Tuesday, June 26, 2012

Jumbo Braun: The Tall Man Looseth


Note: The following is a factual, compendious timeline of one totally average day in the life of a 6’4 foreign English teacher in Japan.

07:32 – You wake up. You’re feet overhang the bottom-end of your futon. Your heels have been resting on the tatami-mat all night. This happens every night. It’s been happening for almost two years, and so by now your heels have all these cross-hatched tatami-mat depressions carved into them. You’re pretty sure the cross-hatched tatami-mat heel-carvings are permanent.

07:37 – You stand up, barely awake, and slam your head into the ceiling light fixture. It hurts, but not that bad. The light fixture swings violently, emitting an ominous click-clack, click-clack.

07:41 – You take a shower. The wall-affixed shower faucet is located at about your neck-level. You have to hunch and contort your upper body just to get some water outflow on your face. You don’t wash your hair because your lower back is starting to cramp-up.

07:47 – You towel off and head back to your room to get dressed. You’re a little late for work, so you speed-walk. You’re thinking about what you’ll wear today. You’re formulating a lesson plan for your first period class and you’re trying to think of some way to get the one especially dumb kid on the basketball team to stop setting illegal screens. You’re contemplating all these things at once. You forget about that horizontal beam at the entry way to your bedroom. It obliterates you. The sound-effect is that of solid becoming liquid in an instant. Like bone going splat. You shriek and maybe pass out for a little bit, maybe not. You’re on your bedroom floor, naked, entangled in a bath towel, moaning. The tatami-mat is making cross-hatch carvings on your ass-cheeks. Your head throbs.

Sunday, June 24, 2012

From Your First Cigarette To Your Last Dying Day: A Psychoanalysis of the JETs


 “Hey Jackson,

Thanks! I forwarded it to Stephen. I have to warn you, though, the description for secretary reports mention the following: ‘Please try to write your report as objectively as possible, referring to all speakers as Mr./Ms.(family name). It is not necessary to take the names of audience members who make comments. Any unacceptable reports will be returned with a request for revision. Unacceptable reports include: uninformative lists of bullet points, outlines, personal opinions or improper English.’ Also, it requests that the report be one A4 page max.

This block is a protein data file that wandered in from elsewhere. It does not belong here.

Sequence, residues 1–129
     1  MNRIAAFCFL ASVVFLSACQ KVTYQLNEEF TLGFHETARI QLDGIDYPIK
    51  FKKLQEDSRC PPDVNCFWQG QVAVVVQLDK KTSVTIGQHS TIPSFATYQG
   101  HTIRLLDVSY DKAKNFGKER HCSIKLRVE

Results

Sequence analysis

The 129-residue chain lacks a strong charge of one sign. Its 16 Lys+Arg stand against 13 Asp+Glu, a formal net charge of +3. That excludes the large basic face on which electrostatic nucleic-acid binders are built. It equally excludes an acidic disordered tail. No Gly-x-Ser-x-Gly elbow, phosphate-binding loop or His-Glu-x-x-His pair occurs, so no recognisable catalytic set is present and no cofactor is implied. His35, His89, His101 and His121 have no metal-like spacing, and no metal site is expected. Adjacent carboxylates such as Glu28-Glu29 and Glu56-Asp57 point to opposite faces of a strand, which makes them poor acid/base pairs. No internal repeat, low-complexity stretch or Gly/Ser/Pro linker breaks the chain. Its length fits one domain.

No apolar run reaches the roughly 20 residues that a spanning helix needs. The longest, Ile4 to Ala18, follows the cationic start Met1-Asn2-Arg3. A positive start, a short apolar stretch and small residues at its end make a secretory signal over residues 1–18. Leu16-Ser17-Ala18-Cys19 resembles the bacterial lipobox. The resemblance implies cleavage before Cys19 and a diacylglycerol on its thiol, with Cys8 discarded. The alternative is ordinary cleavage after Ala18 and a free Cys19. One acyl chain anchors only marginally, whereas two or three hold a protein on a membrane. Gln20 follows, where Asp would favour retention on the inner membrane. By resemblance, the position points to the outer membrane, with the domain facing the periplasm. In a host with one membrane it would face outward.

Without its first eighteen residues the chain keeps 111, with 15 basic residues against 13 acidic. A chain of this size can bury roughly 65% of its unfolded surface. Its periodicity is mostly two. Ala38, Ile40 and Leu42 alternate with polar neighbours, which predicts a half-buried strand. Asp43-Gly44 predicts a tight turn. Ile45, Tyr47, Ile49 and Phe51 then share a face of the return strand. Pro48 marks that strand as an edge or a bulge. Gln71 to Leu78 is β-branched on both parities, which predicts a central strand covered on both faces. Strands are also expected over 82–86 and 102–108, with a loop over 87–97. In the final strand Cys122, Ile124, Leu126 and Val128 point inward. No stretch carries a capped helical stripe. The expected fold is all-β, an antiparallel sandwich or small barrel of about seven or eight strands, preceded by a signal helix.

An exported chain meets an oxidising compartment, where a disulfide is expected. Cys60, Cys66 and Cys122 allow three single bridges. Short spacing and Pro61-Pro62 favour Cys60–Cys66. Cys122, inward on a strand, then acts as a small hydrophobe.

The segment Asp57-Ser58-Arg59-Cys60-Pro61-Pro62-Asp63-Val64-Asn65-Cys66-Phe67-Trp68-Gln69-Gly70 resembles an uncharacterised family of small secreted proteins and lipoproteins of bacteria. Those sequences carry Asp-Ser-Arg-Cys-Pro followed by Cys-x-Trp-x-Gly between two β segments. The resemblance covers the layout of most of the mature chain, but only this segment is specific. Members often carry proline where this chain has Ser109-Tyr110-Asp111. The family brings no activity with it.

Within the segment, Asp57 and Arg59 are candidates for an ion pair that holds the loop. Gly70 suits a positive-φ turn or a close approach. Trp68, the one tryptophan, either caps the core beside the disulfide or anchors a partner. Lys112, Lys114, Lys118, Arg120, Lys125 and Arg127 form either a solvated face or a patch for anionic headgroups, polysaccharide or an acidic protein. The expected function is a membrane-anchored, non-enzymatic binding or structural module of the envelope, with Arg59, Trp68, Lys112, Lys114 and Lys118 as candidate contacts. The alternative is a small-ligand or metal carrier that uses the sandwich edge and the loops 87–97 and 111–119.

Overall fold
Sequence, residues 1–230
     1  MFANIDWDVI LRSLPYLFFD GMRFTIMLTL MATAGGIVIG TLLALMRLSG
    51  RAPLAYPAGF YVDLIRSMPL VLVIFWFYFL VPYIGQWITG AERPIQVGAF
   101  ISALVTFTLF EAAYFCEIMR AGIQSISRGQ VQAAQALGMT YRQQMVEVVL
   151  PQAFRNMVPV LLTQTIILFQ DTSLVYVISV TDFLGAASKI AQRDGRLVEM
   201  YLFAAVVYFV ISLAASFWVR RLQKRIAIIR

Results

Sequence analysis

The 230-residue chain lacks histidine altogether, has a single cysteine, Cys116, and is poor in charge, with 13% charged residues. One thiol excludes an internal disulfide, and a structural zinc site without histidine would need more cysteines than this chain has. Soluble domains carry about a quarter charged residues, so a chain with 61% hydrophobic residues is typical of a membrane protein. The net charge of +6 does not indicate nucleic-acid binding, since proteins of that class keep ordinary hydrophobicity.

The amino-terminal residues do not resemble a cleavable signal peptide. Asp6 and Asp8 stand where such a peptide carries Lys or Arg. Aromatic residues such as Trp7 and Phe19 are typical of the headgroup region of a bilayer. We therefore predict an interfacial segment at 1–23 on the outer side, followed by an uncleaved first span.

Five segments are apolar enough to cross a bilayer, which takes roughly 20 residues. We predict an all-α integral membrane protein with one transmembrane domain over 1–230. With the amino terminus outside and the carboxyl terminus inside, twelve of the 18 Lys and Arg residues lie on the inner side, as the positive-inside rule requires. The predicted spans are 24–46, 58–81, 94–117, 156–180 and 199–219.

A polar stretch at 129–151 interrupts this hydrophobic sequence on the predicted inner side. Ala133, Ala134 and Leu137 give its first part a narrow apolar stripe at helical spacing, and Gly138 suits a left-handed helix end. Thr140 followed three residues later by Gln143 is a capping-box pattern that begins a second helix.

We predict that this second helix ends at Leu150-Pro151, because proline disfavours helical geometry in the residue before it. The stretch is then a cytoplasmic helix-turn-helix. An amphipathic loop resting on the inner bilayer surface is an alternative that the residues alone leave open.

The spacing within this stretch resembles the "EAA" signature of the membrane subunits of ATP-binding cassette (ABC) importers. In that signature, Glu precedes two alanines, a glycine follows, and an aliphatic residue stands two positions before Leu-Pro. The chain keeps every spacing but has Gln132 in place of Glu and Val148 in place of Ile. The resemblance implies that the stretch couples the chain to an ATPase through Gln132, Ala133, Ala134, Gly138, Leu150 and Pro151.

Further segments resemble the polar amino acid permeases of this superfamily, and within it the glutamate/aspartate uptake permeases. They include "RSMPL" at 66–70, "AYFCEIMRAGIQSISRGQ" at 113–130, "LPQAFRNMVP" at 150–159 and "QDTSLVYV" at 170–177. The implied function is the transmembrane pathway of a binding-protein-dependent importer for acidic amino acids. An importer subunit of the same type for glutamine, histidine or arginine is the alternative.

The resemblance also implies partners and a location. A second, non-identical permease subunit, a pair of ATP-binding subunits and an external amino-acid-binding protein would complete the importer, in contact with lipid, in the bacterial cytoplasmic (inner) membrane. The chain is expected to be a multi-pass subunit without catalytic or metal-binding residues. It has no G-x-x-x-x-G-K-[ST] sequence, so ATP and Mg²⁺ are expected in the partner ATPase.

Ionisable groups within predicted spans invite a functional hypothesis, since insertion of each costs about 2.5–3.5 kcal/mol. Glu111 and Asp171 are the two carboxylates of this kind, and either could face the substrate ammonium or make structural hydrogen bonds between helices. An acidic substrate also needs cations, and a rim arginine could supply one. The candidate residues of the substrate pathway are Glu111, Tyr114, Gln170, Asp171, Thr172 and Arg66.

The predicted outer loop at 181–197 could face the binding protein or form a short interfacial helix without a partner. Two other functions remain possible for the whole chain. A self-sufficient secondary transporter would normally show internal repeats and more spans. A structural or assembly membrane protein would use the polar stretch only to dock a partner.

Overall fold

I'm pretty sure that the length of your report along with mentions of cocktails is [sic] going to get you a revision request. It’s not appropriate for a conference proceedings report that will be going out to every attending school in the ken.

All the best.

Signed,
Leader of Group G”

***

Like any aspiring writer, I sometimes get delusional. I start envisaging notable future journalistic endeavors and accomplishments. Exclusive interviews and obscure awards and a retinue of unibrowed bookworm-chicks.  I’ve been doing this for so long that I already possess a backlog of recurring, chimerical, literary-success related ignis fatui that I won’t get into here because they’re weird and humiliating1. But my most steadfast self-deception is also my most egregious: I often convince myself that the act of writing is Honorable. I believe what I write is Valuable. I assume that every single semi-literate person in the world not only wants, but needs to see my most trivial thoughts expatiated into 3,000-word, bigheaded self-celebrations. Now, in a dark chamber of my cerebrum, I know this to be a false surmise. I know I’m just some kid and this is just some blog and blogs suck anyway. I know there are millions of writers more talented than I and there are billions of people who have zero interest in ever reading the really stellar writing these writers-more-talented-than-I produce. But none of this matters when I’m locked into fantasy-mode. And the grand paradox is; I need the illusion of my writing as Vital and Good in order to continue generating my soporific, totally inconsequential writing. Fantasy-mode must be my default setting, or else I’ll shrivel up and become a middle-school Spanish teacher. If you think about it, this mania confirms something that should be painfully obvious anyway: writing is a personal/professional ambition that signals profound insecurity and egotism. You write because you are a yellow-bellied dastard and you need the attention.